positions given in the hexagram, which are represented later by the dragon 
symbol. Here it is shown that the way to success lies in apprehending and 
giving actuality to the way of the universe [Tao], which, as a law running 
through end and beginning, brings about all phenomena in time. Thus each 
step attained forthwith becomes a preparation for the next. Time is no longer 
a hindrance but the means of making actual what is potential.

  The act of creation having found expression in the two attributes sublimity 
and success, the work of conservation is shown to be a continuous 
actualization and differentiation of form. This is expressed in the two terms 
"furthering" (literally, "creating that which accords with the nature of a 
given being") and "persevering" (literally, "correct and firm"). "The course of 
the Creative alters and shapes beings until each attains its true, specific 
nature, then it keeps them in conformity with the Great Harmony. Thus 
does it show itself to further through perseverance."

  In relation to the human sphere, this shows how the great man brings peace 
and security to the world through his activity in creating order: "He towers 
high above the multitude of beings, and all lands are united in peace."

  Another line of speculation goes still further in separating the words 
"sublime," "success," "furthering," "perseverance," and parallels them with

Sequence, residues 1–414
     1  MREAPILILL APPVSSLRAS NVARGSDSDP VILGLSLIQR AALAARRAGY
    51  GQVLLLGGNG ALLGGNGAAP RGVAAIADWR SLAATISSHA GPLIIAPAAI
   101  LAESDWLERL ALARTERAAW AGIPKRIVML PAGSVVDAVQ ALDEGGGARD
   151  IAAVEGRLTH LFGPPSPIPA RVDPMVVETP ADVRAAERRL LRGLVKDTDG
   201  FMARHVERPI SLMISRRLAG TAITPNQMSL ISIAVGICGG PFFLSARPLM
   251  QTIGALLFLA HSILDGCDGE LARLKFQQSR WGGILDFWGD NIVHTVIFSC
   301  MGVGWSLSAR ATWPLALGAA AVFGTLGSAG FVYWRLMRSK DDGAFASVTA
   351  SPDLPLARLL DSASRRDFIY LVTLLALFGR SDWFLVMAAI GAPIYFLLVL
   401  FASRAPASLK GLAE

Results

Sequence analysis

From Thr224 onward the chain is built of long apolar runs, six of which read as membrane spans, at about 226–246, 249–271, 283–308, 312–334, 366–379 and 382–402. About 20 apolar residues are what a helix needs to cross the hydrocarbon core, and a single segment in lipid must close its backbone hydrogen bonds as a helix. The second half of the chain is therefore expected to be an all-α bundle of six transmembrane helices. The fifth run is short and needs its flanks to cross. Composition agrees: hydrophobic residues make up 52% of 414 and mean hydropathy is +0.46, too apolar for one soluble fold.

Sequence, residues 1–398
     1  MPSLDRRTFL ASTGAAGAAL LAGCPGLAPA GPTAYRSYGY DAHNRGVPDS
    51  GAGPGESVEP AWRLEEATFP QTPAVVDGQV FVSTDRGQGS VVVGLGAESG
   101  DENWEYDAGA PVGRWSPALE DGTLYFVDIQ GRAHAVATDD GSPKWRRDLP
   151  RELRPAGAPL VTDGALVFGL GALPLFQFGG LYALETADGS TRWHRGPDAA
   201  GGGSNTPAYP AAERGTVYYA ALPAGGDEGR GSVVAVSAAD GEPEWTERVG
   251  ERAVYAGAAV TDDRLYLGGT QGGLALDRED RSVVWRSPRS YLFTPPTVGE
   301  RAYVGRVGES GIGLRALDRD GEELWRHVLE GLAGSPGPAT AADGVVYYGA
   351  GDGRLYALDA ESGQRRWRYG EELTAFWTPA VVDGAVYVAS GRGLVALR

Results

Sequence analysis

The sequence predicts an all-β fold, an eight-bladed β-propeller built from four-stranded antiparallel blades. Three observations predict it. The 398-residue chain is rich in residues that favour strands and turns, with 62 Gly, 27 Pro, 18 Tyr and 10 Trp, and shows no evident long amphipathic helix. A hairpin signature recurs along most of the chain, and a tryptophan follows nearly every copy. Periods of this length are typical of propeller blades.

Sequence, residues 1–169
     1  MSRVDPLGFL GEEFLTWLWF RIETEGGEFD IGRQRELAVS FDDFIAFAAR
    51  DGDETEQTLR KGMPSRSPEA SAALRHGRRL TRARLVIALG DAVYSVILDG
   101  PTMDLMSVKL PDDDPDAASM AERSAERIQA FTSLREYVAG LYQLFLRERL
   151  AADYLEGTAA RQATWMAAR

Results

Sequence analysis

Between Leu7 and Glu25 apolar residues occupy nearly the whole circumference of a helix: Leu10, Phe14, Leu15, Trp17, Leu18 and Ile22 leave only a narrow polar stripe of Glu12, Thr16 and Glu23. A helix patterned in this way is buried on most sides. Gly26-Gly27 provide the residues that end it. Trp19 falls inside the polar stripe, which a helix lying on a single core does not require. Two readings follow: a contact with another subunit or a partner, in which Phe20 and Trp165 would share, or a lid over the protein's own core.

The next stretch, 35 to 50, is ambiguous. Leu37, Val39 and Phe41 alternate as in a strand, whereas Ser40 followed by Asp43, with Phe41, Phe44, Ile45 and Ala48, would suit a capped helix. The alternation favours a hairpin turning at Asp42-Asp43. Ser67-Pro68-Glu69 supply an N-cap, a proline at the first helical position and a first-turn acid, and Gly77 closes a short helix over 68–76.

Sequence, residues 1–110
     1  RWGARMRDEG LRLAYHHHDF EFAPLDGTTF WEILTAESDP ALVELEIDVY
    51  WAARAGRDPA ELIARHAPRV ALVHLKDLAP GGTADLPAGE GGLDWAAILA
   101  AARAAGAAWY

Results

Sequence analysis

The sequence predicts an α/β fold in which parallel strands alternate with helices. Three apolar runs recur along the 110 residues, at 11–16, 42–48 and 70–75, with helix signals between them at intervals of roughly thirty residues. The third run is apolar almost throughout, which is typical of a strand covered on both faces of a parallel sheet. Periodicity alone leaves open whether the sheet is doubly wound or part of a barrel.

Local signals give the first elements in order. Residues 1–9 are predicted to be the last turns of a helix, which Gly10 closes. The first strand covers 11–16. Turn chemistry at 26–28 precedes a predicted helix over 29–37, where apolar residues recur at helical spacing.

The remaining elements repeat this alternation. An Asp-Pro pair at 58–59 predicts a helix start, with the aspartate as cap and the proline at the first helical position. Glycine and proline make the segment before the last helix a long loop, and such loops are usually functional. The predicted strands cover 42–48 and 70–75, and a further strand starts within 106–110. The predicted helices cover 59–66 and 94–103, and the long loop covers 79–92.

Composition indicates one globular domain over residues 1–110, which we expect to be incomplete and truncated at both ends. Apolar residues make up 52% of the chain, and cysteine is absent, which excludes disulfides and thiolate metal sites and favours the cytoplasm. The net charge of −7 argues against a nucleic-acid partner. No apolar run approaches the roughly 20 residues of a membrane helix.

the four cardinal virtues in humanity. To sublimity, which, as the 
fundamental principle, embraces all the other attributes, it links love. To the 
attribute success are linked the morals, which regulate and organize 
expressions of love and thereby make them successful. The attribute 
furthering is correlated with justice, which creates the conditions in which 
each receives that which accords with his being, that which is due him and 
which constitutes his happiness. The attribute perseverance is correlated 
with wisdom, which discerns the immutable laws of all that happens and can 
therefore bring about enduring conditions. These speculations, already 
broached in the commentary called Wên Yen , later formed the bridge 
connecting the philosophy of the "five stages (elements) of change," as laid 
down in the Book of History (Shu Ching) with the philosophy of the Book of 
Changes, which is based solely on the polarity of positive and negative 
principles. In the course of time this combination of the two systems of 
thought opened the way for an increasingly intricate number symbolism.


	THE IMAGE


 	The movement of heaven is full of power. 
	Thus the superior man makes himself strong and 
	untiring.

Since there is only one heaven, the doubling of the trigram Ch'ien, of which 
heaven is the image, indicates the movement of heaven. One complete